Diocese of Lake Charles
LAKE CHARLES — A former “fake-news” journalist for Cosmopolitan, a urologist expelled for defending the integrity of the medical profession, and an attorney devoted to promoting the dignity of the human person were all honored on July 17 for their efforts to promote family values.
The third annual Ruth Institute awards dinner was part of a two-day Summit for Survivors of the Sexual Revolution held July 17-18 at Treasures of Marilyn’s. The Ruth Institute provides decades of research to support individuals and families harmed by divorce, the hook-up culture, and other forms of family breakdown.
This year's recipient of the Public Witness of the Year Award is Sue Ellen Browder for her courageous expose in her book, Subverted: How I Helped the Sexual Revolution Hijack the Women’s Movement. As the dinner’s keynote speaker via video, Browder shared details of how she helped invent the “Cosmo Girl” during her two decades of writing for Cosmopolitan magazine after she was hired in 1971.
While Browder, who grew up in the small town of New Hampton, Iowa, did not live the lifestyle that she was soft selling to other women, she said she honestly believed that people knew the stories she was writing about casual sex, contraception and abortion as a woman’s path to personal fulfillment were all a fantasy.
“It wasn’t until I became a Catholic at the age of 57, after I had been away from Cosmo for many years, that I could look back at what I had been doing and see the damage it had done to the culture,” she said. That’s when she knew she had to come clean and seek forgiveness.
The propaganda that was used to sell the sex revolution’s false values to American women were stories that were made up to make it seem as if single women were having these happy-go-lucky sex lives, said Browder.
“Propaganda is the language of the serpent. It contains some truth, but it is twisted,” she said. “Modern propaganda is far more subtle and sophisticated than a straight-out lie. It is purposely designed not just to change what you think, but also to change how you act.”
Browder said God was never mentioned in Cosmopolitan. She also said that telling the truth about contraception, abortion, the sexual revolution and anything that is sold by Cosmo advertisers is considered an attack.
“What made me most miserable in my life was having an abortion when I was 27,” Browder said upon reflecting on her conversion experience in 2003. “What made me happiest was my beautiful 40-year marriage. Today, what has healed the pains of my past and brought me the deepest joy I have ever known is my relationship with the Father, the Son and the Holy Spirit.”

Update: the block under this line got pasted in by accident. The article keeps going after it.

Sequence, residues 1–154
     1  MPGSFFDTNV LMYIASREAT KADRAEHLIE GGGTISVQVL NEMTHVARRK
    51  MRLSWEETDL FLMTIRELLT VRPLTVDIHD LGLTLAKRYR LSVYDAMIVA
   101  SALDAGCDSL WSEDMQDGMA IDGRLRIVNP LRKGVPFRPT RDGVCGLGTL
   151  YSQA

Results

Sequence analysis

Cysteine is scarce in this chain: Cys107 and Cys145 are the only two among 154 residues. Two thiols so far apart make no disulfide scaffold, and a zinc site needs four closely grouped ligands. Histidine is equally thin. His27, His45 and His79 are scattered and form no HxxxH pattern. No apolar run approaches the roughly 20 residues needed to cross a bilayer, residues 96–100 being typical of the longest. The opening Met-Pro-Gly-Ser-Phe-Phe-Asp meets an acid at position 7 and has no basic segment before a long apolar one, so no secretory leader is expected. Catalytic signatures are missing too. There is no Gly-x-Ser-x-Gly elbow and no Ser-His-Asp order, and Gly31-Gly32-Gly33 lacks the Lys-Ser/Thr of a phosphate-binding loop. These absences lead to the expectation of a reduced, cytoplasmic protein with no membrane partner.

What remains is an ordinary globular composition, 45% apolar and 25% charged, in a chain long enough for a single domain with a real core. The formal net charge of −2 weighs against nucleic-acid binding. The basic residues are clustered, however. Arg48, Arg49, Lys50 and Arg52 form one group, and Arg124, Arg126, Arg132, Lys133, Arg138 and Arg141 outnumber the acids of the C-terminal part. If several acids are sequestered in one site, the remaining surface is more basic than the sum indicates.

Receiving the Professional Integrity Award was Dr. Paul Church, a practicing urologist for more than 35 years and an Assistant Professor of Surgery at Harvard Medical School in Boston before his retirement from clinical practice in 2017.
Dr. Church was fired, and his medical license nearly revoked when he challenged hospital superiors to be more truthful about the health consequences of high risk LGBTQIA+ sexual behavior. Met with increasing efforts to silence his concerns, he was eventually expelled from the medical staff in December 2015. Two other hospitals where Dr. Church held appointments expelled him as well, and a fourth hospital revoked their staff position offer fearing repercussions from the LGBT community.
In his acceptance of the award via a video message, Dr. Church said in its decision to expel him, it was evident the medical center had chosen the path of political correctness and promotion of a social agenda unrelated to a practice of medicine or the advancement of healthcare.
“It’s easy to become discouraged in this climate of political correctness and censorship and rejection of the truth,” he said. “We aren’t winning many battles, but we must continue to fight the good fight and support prayerfully and financially those organizations on the frontlines like the Ruth Institute.”
The Public Activist Award was presented in person to Cathy Cleaver Ruse, whose professional experience spans the fields of communication, public policy and law.
The “condescending” attitude of the Fairfax County School Board in Virginia is all it took to light a fire under Ruse when she learned her local school board voted to allow transgender bathrooms.
Even though her children attend Catholic schools, when she heard there was only one “no” vote for the policy, she decided to attend a board meeting so she could meet the person who cast the lone vote.
“A woman named Elizabeth Schultz was my new hero,” said Ruse. “I thanked her and told her I wanted to help. I have been singularly focused about five years now. It was if God anointed me to go fight for this.”
Ruse serves as Family Research Council’s Senior Fellow for Legal Studies and Legal Supervisor for Ave Maria School of Law/Culture of Life Foundation Washington Externship Program.
Live-streaming and online programs during the Summit were available on topics including: Surviving Childhood Sexual Abuse, Clergy Sex Abuse By the Numbers, Pornography as a Public Health Crisis, Medical Issues in the LGBT Subculture, Reporting on the Transgender Movement, and Protecting Your Family from Pornography. Each topic concluded with a Q&A discussion panel.
The Ruth Institute, founded by Dr. Jennifer Roback Morse in San Diego in 2008, is a 501(c)(3) non-profit organization. It has since relocated to Lake Charles in 2015. For more information, visit www.ruthinstitute.org or call 760-295-9278. To learn more about Sue Ellen Browder's conversion story, click here.